When we consider changing some habit, some behavior, or even the direction of our life, we often come up with some grand plan for doing so. We think big. It’s the American way. If we want to lose weight, we establish a goal of, for example, 20 lbs. We decide to go to the gym four or five days each week for an hour each day. Of course, for most people this plan lasts for about a week, if that much. When we want to cut back in our spending, we decide to give up buying clothes for the next year. When it comes to our spiritual life, we say we will begin going to our place of worship every week. In each instance our resolve lasts for a very short time, leaving us feeling guilty, down on ourselves, and disappointed. We accuse ourselves of being failures, lazy, lacking in discipline, and generally as losers. Our self esteem drops and we feel worse about ourselves than before we made the resolution. We add one more self recrimination to the long list of past unfulfilled promises to ourselves.
Each time we fail, we feel just a little bit worse about ourselves. Our disappointment in ourselves grows to the point where we may either give up trying to change or we begin to accept ourselves as born losers – failures. We begin to look at ourselves as incompetent. We become depressed and feel hopeless. In order to avoid falling into despair, we may simply give up. We say, “this is the way things are, I am doomed to living my life this way, so I might as well just accept it. ” What we don’t realize is that it may not be that change is not possible, but rather it is our approach to change that may not be working.
Most Americans have a penchant for instant gratification. We want immediate results. We also have a tendency to think, “more is better. ” I have gone to the gym to work out and watched very out of shape men go over to the weight machine for the first time and try to bench press their body weight! Finding they cannot lift this amount of weight, they give up and go off to some other machine. I have heard people say that they are going to lose 50 pounds in three weeks. These folks are setting themselves up to fail.
Many health clubs and diet plans count on the tendency of people to bite off more than they can chew in order to stay in business. They offer big discounts to people to sign up for a year or more in advance knowing that the vast majority will go for a few weeks and then quit. If those who signed up attended every day, there would be no room to accommodate everyone. The same is true for diet centers. They count on people’s desire for immediate results. Yet we all know, in the intelligent part of our brains, that weight loss, body building, and as in learning any other activities takes patience, persistence, and time, in order to achieve lasting results. But our desire for immediate gratification takes over and we set ourselves up for instant failure.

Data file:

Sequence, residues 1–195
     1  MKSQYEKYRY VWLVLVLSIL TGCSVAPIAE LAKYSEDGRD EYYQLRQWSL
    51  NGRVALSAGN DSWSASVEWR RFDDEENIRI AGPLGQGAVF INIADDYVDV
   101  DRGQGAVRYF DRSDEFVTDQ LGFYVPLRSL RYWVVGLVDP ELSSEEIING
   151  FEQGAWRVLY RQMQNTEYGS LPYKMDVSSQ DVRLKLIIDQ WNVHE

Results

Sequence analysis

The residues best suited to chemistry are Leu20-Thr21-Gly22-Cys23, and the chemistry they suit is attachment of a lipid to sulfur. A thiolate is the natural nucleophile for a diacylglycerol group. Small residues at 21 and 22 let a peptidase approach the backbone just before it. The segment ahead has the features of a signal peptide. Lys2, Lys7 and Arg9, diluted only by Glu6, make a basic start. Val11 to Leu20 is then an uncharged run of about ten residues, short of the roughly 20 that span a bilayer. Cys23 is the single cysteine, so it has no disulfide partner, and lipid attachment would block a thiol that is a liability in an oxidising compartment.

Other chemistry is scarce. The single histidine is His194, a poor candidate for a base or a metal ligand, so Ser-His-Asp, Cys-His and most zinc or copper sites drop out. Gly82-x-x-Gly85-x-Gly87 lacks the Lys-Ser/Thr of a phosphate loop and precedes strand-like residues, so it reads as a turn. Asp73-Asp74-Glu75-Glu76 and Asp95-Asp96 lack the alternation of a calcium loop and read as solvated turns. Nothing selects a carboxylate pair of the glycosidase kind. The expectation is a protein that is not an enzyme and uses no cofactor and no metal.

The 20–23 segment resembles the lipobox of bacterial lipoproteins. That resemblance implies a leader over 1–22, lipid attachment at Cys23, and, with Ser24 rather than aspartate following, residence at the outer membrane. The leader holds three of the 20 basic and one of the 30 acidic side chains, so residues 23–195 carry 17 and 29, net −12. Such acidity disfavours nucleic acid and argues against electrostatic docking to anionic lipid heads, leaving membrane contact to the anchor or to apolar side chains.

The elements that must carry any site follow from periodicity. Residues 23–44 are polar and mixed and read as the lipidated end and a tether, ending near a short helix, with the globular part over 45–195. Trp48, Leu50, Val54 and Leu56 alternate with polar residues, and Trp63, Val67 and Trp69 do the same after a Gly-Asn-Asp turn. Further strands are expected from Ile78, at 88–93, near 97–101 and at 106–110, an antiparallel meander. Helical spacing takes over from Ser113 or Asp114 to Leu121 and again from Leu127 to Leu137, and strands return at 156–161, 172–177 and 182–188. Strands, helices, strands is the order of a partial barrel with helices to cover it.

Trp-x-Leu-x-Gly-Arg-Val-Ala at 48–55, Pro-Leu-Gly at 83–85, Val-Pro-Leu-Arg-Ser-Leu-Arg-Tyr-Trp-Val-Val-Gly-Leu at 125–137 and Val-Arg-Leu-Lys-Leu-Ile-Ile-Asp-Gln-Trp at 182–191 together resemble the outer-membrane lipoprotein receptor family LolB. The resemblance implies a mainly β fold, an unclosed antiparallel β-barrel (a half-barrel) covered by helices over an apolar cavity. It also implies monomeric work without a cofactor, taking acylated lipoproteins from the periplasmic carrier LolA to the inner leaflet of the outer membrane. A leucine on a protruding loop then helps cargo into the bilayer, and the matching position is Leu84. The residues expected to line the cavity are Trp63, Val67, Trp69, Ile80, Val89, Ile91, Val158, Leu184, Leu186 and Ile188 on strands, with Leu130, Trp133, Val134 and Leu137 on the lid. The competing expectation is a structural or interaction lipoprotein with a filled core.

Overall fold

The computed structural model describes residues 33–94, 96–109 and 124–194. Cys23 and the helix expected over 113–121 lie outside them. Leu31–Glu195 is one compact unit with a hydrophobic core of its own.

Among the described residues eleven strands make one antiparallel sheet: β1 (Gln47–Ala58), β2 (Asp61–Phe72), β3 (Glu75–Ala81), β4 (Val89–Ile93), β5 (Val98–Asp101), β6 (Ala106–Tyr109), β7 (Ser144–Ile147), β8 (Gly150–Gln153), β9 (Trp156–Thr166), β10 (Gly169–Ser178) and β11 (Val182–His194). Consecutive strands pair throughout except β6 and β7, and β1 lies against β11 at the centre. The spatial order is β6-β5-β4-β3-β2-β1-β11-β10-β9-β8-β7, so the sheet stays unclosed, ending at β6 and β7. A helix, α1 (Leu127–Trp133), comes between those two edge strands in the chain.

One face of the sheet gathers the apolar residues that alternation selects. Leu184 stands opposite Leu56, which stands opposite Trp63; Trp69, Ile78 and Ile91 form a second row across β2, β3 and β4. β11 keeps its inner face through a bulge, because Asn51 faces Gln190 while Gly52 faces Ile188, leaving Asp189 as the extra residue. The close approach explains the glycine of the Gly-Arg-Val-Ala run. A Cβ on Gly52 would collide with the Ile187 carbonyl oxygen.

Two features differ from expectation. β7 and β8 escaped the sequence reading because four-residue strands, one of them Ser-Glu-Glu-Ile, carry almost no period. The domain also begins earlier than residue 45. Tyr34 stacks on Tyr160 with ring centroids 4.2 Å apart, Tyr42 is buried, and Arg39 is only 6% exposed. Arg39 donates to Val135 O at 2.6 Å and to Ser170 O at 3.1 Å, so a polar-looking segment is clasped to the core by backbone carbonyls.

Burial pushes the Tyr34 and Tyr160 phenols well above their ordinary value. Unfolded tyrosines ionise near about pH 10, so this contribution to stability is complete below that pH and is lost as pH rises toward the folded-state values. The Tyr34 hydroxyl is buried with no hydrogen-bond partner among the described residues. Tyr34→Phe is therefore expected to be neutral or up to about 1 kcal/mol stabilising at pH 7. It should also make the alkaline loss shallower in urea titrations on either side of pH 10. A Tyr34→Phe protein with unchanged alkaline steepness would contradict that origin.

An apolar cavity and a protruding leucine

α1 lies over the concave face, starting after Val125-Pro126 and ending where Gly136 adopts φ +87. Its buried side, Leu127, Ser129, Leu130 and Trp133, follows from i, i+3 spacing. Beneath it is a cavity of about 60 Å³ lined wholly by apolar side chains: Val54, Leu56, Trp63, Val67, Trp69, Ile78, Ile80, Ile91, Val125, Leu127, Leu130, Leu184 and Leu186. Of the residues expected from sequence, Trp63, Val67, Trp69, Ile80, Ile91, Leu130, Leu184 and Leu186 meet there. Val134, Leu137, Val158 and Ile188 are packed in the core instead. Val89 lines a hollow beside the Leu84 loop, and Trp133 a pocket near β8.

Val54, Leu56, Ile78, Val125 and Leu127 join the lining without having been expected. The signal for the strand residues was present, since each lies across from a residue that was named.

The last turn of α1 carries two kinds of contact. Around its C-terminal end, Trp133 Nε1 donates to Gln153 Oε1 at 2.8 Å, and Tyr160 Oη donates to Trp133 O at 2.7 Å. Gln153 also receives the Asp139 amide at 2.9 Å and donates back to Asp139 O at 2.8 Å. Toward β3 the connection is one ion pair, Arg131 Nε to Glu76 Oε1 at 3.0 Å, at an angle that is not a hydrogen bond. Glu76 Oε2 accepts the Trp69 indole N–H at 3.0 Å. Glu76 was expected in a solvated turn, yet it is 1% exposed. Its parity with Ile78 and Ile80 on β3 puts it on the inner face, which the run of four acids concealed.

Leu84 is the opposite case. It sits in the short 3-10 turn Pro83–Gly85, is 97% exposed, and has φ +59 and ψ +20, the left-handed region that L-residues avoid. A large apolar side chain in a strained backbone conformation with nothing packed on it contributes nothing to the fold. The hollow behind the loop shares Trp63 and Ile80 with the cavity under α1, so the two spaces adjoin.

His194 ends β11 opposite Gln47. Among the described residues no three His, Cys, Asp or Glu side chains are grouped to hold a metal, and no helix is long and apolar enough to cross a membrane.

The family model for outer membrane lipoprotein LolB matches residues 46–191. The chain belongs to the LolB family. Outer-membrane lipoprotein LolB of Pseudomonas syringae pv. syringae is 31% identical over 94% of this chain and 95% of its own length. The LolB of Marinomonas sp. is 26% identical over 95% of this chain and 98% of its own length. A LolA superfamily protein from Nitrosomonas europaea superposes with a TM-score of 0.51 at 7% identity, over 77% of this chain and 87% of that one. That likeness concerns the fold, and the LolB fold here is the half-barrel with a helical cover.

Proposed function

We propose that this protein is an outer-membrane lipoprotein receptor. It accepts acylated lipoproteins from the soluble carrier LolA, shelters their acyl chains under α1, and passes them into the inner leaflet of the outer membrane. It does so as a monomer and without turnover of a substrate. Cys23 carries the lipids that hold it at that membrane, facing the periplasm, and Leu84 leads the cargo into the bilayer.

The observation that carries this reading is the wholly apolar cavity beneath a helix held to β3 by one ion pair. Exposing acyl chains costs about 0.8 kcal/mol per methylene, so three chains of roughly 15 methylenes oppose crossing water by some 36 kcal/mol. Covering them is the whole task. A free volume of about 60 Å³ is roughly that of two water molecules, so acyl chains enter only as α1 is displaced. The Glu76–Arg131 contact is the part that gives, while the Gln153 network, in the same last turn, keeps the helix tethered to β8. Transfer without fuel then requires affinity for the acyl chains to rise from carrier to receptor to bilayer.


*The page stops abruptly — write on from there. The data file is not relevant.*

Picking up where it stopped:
This is where the concept of “tweaking” comes into play. Literally, “tweaking” means to gently pinch or jerk something or someone. Colloquially speaking we use the term to refer to slightly improving or changing a situation. We say, “we tweaked our offer a bit and were able to make the deal, ” or “we tweaked the volume on the audio just a bit for better acoustics. ” The same concept of “tweaking” can be applied to aspects of our lives. We can tweak our lives in small ways. Over time these tweaks add up to significant shifts and changes. In each instance, we can make a slight alteration in what we were doing in order to get a better result. They don’t have to be big changes, but minor adjustments. This concept tweaking, or making minor adjustments to situations or areas of our life, can have a significant impact on the overall direction of our life. A series of tweaks can, over time, have the same overall effect as one significant change without the pain of a large sudden shift.
Consider trying to straighten one’s teeth. We go to the orthodontist to have braces put onto our teeth. The orthodontist doesn’t try to straighten our teeth all at once because the pain would be too great and damage might be done to our teeth and gums. If the pain is too great we will want to quit the process before the job is done. However, through a series of tweaks – gradually tightening the braces - over a period of many months or years we see our teeth straighten and remain straight even after the braces are removed. The same is true when we want to straighten a tree that has been growing crooked. We tweak it gradually over time, each week tightening the brace that pulls the tree into position. If we were to do it suddenly, the tree might break. A series of tweaks does the job of straightening the tree, almost imperceptibly over time.
We can apply a similar principle for straightening our life. Change normally does not occur suddenly, overnight. It occurs by degrees, often without our awareness. When it does occur suddenly, it usually is precipitated by circumstance or necessity. We may be forced to change when confronted with trauma, precipitous occurrences such as sudden economic reversal, earthquake, and so forth. For the most part, however, lasting change occurs gradually over time.
In Tweaking Your Life, Part II, we'll examine four areas of our life: relationships, occupation, physical and mental health, and spirituality, to see how the concept of tweaking might apply.
Dr. Dreyfus has recently published two downloadable books: Someone Right For You: 21st Century Strategies for Finding Your Special Someone and Keeping Your Sanity (In an Insane World).
For forty years Dr. Dreyfus has been practicing as a clinical psychologist and life coach in Santa Monica, California where he specializes in individual psychotherapy, relationship counseling, and sex therapy. For further information or consultation regarding psychological issues, or life coaching, you may contact Dr. Dreyfus at (310) 208-5700, or visit http://www.docdreyfus.com